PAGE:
If you’d like to see how these were done head over to the original issue for the steps to do it yourself. The strip box ended up being a little different. If you’re interested in the steps to the strip box honeycomb, leave a note in the comment section and we’ll post an update!

Stay safe and have fun!

Galleries and Exhibitions

In today’s digital age and the constant go, go, go lifestyle that has dominated urban living all around the world, it’s easy to forget to stop for a minute and take time for yourself.

As a photographer and an artist, a gallery or exhibition can easily become your amusement park, your wilderness, your library, your school all rolled into one.

As computer screens become bigger with higher resolution, it can very easily become your window to the world. For me as well. A few years I started to really start to study some of photography’s legends. I’d read blog posts about them, I’d watch old documentaries on YouTube about them. I’d look at their photographs all without leaving the comforts of my home office.

Something happened.

But before we get into that I should preface this with:

I love art galleries. I enjoy going to a gallery to see some of the master painters: Matisse, VanGogh, Dali, Manet, Monet, Renoir, and Delacroix just to name a few. I had, at the recommendation of my art history professor, to avoid going to the Louvre, and go to the Musée d’Orsay instead. I loved it. I was also there at a time that wasn’t over run with people. So when a Musée d’Orsay exhibition came to Seoul, it didn’t take much convincing to go.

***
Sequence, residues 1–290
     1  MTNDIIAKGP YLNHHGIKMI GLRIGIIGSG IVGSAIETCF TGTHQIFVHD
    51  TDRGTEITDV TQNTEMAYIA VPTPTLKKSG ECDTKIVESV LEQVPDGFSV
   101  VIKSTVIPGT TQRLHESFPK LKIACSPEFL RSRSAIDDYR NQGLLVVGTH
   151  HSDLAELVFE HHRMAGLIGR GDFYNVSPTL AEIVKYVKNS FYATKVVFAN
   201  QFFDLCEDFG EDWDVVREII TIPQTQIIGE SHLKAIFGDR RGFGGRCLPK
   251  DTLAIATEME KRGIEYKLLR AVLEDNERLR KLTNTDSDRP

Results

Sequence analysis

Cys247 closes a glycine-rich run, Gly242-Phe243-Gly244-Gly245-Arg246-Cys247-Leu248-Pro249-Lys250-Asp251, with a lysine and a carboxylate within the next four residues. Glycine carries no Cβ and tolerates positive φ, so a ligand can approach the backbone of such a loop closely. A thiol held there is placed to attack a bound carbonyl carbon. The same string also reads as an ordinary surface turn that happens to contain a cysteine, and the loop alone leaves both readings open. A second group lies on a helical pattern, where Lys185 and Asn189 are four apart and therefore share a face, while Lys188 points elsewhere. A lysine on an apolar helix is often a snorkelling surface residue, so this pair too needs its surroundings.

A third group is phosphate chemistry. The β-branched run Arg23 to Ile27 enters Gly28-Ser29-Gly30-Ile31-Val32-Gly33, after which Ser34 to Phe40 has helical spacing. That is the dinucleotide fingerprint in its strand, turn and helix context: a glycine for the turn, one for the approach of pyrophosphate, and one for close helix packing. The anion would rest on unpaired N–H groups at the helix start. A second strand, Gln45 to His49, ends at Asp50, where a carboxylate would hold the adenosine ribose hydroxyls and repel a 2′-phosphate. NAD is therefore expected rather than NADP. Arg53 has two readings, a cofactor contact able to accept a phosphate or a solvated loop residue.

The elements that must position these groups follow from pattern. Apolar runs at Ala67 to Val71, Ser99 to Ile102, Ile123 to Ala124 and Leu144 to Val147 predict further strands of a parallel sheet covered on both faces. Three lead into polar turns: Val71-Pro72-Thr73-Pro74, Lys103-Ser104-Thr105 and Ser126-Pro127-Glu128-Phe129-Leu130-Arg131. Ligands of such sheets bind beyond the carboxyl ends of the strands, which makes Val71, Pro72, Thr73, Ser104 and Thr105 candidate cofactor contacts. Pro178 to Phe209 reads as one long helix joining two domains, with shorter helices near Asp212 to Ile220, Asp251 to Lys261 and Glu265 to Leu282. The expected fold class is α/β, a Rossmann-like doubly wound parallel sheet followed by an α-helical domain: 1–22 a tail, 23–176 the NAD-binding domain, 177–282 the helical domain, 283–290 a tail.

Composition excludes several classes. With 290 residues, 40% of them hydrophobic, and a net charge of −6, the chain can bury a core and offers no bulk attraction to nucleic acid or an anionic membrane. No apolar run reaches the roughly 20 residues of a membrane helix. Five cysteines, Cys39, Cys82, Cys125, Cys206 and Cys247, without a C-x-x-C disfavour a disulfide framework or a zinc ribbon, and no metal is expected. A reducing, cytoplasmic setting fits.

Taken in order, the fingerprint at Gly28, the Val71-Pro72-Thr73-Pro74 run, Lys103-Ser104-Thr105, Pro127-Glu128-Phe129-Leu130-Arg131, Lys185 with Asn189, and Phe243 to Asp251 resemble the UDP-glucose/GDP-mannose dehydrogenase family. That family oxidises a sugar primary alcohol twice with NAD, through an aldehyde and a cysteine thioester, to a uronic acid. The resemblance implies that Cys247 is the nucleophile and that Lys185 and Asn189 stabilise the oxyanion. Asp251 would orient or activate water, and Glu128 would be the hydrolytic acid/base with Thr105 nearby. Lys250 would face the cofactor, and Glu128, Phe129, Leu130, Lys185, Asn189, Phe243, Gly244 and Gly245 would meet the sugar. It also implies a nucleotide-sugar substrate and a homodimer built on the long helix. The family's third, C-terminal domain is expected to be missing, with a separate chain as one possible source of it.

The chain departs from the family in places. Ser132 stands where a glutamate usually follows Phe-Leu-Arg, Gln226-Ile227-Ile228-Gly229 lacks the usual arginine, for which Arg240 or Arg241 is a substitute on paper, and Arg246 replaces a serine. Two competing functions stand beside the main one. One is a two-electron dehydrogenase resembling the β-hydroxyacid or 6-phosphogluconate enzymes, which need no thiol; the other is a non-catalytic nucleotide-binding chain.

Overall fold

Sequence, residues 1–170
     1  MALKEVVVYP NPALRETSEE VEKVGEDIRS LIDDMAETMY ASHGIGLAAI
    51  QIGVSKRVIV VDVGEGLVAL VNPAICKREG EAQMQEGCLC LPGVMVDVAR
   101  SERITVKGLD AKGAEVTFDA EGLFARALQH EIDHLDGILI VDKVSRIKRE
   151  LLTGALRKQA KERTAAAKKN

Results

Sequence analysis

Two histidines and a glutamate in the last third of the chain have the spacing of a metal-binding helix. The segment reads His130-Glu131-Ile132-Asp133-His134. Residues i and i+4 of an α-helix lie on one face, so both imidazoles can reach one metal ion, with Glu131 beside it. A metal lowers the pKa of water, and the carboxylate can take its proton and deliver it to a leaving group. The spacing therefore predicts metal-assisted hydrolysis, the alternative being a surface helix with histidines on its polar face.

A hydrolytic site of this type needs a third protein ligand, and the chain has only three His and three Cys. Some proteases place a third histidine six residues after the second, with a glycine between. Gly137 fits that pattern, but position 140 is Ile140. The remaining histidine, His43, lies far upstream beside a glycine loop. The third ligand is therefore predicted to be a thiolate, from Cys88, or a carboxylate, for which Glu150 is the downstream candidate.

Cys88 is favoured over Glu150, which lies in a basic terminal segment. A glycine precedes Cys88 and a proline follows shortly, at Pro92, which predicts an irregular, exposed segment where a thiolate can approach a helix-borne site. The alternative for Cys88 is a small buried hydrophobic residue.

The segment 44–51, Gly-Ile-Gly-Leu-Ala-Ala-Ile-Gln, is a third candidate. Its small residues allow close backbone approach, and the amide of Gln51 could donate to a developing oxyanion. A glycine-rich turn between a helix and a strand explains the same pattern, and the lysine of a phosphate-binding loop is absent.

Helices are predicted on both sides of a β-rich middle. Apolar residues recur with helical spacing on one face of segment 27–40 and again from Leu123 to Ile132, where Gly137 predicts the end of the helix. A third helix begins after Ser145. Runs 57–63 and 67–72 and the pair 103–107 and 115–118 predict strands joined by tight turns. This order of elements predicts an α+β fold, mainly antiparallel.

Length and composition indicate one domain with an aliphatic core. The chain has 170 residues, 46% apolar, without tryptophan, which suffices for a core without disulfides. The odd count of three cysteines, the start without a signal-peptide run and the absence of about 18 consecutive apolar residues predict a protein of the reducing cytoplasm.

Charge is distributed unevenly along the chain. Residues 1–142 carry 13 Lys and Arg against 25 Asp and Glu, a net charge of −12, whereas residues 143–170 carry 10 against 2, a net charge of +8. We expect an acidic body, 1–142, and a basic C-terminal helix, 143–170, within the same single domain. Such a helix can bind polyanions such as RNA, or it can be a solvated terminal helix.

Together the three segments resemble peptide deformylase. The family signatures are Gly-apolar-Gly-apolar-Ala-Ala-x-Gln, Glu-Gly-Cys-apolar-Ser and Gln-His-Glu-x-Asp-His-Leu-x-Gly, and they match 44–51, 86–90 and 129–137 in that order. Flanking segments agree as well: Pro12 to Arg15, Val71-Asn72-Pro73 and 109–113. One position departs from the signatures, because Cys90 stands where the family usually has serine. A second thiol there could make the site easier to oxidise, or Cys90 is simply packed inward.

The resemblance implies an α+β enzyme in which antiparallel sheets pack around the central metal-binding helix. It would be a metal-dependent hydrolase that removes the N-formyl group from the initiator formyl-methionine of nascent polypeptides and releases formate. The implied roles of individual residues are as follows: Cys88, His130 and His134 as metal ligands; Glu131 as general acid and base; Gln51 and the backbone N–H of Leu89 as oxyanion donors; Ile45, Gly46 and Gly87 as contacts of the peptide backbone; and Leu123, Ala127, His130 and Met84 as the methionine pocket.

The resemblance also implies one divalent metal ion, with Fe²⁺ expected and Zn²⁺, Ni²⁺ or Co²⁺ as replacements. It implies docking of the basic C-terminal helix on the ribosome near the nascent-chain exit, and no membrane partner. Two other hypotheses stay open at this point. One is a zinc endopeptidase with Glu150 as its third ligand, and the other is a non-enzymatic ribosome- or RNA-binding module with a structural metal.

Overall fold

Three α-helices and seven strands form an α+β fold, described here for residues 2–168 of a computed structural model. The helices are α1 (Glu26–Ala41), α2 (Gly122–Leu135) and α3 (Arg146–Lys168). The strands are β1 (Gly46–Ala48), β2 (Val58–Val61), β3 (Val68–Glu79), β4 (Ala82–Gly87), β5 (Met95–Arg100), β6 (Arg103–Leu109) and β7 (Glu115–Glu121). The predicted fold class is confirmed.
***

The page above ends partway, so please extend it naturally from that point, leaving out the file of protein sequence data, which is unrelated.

Photography museums and exhibitions were not as accessible. So when I found that there would be an exhibition of Henri Cartier-Bresson, (the photographer I look up to the most) in Seoul, I knew I had to go, and the 3.5 hour drive to get to Seoul wasn’t going to be a factor at all.

FRANCE. Paris. Place de l’Europe. Saint Lazare station. 1932

This is where it happened… At the Dongdaemun Design Plaza… An epiphany of sorts. I had always respected and at times been in awe of the paintings that hung in a museum.

Edouard ManetLe déjeuner sur l’herbeen 1863huile sur toile H. 207,0 ; L. 265,0 cm.
@ avec cadre H. 243,5 ; L. 305 cm
musée d’Orsay, Paris, France
©photo musée d’Orsay / rmn

I still remember my jaw literally dropping when I saw  Édouard Manet’s – “Le Déjeuner sur l’herbe” hanging at Musée d’Orsay. We had studied it in class only weeks before I visited, so it was still fresh in my mind. I saw it in class both on the projection screen and in the textbook. Nothing prepared me for its sheer size of 5.4912 square metres.

The ability to just stand there with the photograph in front of me, no links or web browser tabs, just me and the photograph. It was a calming effect, but it also brought with it a desire to soak up the entire photograph. Not just look at it and walk to the next one. Or scroll down as would be the case in Instagram. The photos were no larger than the full screen that I could produce in my office on my desktop, in fact many of them were smaller. There was just a completely different feeling involved with a physical photograph.

It inspired me like nothing else. I left the exhibition a few hours later with my camera in tow and changed the in camera settings to shoot only in black and white. Before that exhibition, I wasn’t a fan of black and white photos at all. I needed colour. I’d almost go so far as to say I hated black and white photos, and I don’t hate much in this world. Strongly dislike, yes, but hate, no. It single handedly showed me the path to appreciating and enjoying black and white photography.

Exhibitions don’t have to be entirely a visit only excursion. I’ve also been fortunate enough to have my photographs included in a number of fabulous exhibitions all over South Korea as well as Japan.

Which will lead us to our next issue. Thanks for reading.